By keeping in mind what is important to the business bottom line, it is possible to build a more compelling a case for integrated governance, risk and compliance as a valuable enabler of the corporate strategy. Identifying the optimal marriage of compliance and operational goals requires an intelligent connection, integration and harmonization of the key activities that produce bottom line operational results. This involves gaining an understanding of current-state costs, locating redundancies, and identifying gaps and unnecessary complexities.
Having this fundamental understanding of the business can enable compliance professionals to play a crucial role in analyzing what is required to create the “new state,” including such key requirements as organizing people, process, and technology components, calculating transformation costs and projecting benefits that will capture and retain management’s attention.
A key benefit, of course, will be functioning in a productive, efficient environment in which all elements work together toward a common strategy of preventing and detecting compliance breakdowns. But there are also potential tangible benefits that directly correlate with other issues of importance to stakeholders (the business case elements mentioned earlier—e.g., revenue, reputational protection, customer attraction).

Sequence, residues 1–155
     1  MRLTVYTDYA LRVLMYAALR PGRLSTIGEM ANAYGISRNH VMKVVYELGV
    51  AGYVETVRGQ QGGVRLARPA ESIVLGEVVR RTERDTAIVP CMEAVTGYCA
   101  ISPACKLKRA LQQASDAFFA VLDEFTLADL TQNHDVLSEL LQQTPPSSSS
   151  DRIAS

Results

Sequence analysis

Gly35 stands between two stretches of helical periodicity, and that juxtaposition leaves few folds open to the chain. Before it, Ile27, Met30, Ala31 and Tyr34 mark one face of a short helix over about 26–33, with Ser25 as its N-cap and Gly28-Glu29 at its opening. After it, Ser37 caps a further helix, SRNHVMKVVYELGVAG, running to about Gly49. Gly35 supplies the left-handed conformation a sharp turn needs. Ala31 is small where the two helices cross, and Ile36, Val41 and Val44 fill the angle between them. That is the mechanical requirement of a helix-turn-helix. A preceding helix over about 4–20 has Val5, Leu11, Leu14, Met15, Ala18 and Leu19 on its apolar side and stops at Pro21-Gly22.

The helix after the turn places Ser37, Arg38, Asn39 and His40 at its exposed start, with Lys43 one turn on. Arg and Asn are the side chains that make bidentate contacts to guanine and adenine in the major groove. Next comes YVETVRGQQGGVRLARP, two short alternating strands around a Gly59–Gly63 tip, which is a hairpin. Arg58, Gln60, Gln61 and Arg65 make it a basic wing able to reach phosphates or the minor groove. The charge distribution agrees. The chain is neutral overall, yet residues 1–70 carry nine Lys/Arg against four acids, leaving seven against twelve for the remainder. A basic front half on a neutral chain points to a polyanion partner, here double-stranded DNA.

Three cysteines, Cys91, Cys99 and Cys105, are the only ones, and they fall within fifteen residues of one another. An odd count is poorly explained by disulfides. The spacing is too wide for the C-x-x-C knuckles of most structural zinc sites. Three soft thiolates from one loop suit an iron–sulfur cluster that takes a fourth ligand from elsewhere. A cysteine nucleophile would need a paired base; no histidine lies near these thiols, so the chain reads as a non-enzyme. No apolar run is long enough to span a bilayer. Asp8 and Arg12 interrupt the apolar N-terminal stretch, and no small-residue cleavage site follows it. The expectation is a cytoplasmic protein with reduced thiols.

Ultimately, this is a model that assists the company to confidently take on even more upside, reasoned risk than before, because decisions are based on better information.
To summarize, some of the key benefits may include:
- Higher quality information—integrating GRC information allows management to make more intelligent decisions more rapidly.
- Process optimization—non-value-added activities are eliminated and value-added activities are streamlined to reduce lag time and undesirable variation.
- Better capital allocation—identification of areas of redundancy and inefficiency allows financial and human capital to be allocated more effectively.
- Improved effectiveness—the net effect of all the activities above means GRC activities are directed to the right people and departments.
- Protected reputation—when risks are managed more effectively, company reputation is enhanced.
- Reduced costs—lower costs contribute to the overall ROI gains represented by effective GRC activities.
Compliance professionals in general can advance the progress of their departments by understanding and communicating the business importance, value and ROI of effective governance, risk and compliance integration.
It’s time to take a fresh look at the usual approach. Accept the regulatory and legal case that companies must do these things, and focus on making a powerful business case for doing them, evolving a way of working that assists management in running the business better.
About the Author
Rob Biskup brings 25 years of in-depth experience in both professional services and the corporate sector to his current role as a director in Deloitte Financial Advisory Services LLP. His responsibilities comprise service as a regional leader of Corporate Compliance, Corporate Investigations and Forensic Accounting, and Foreign Corrupt Practices Act (FCPA) practice areas. In addition, he serves as the national automotive sector leader for Deloitte Financial Advisory Services.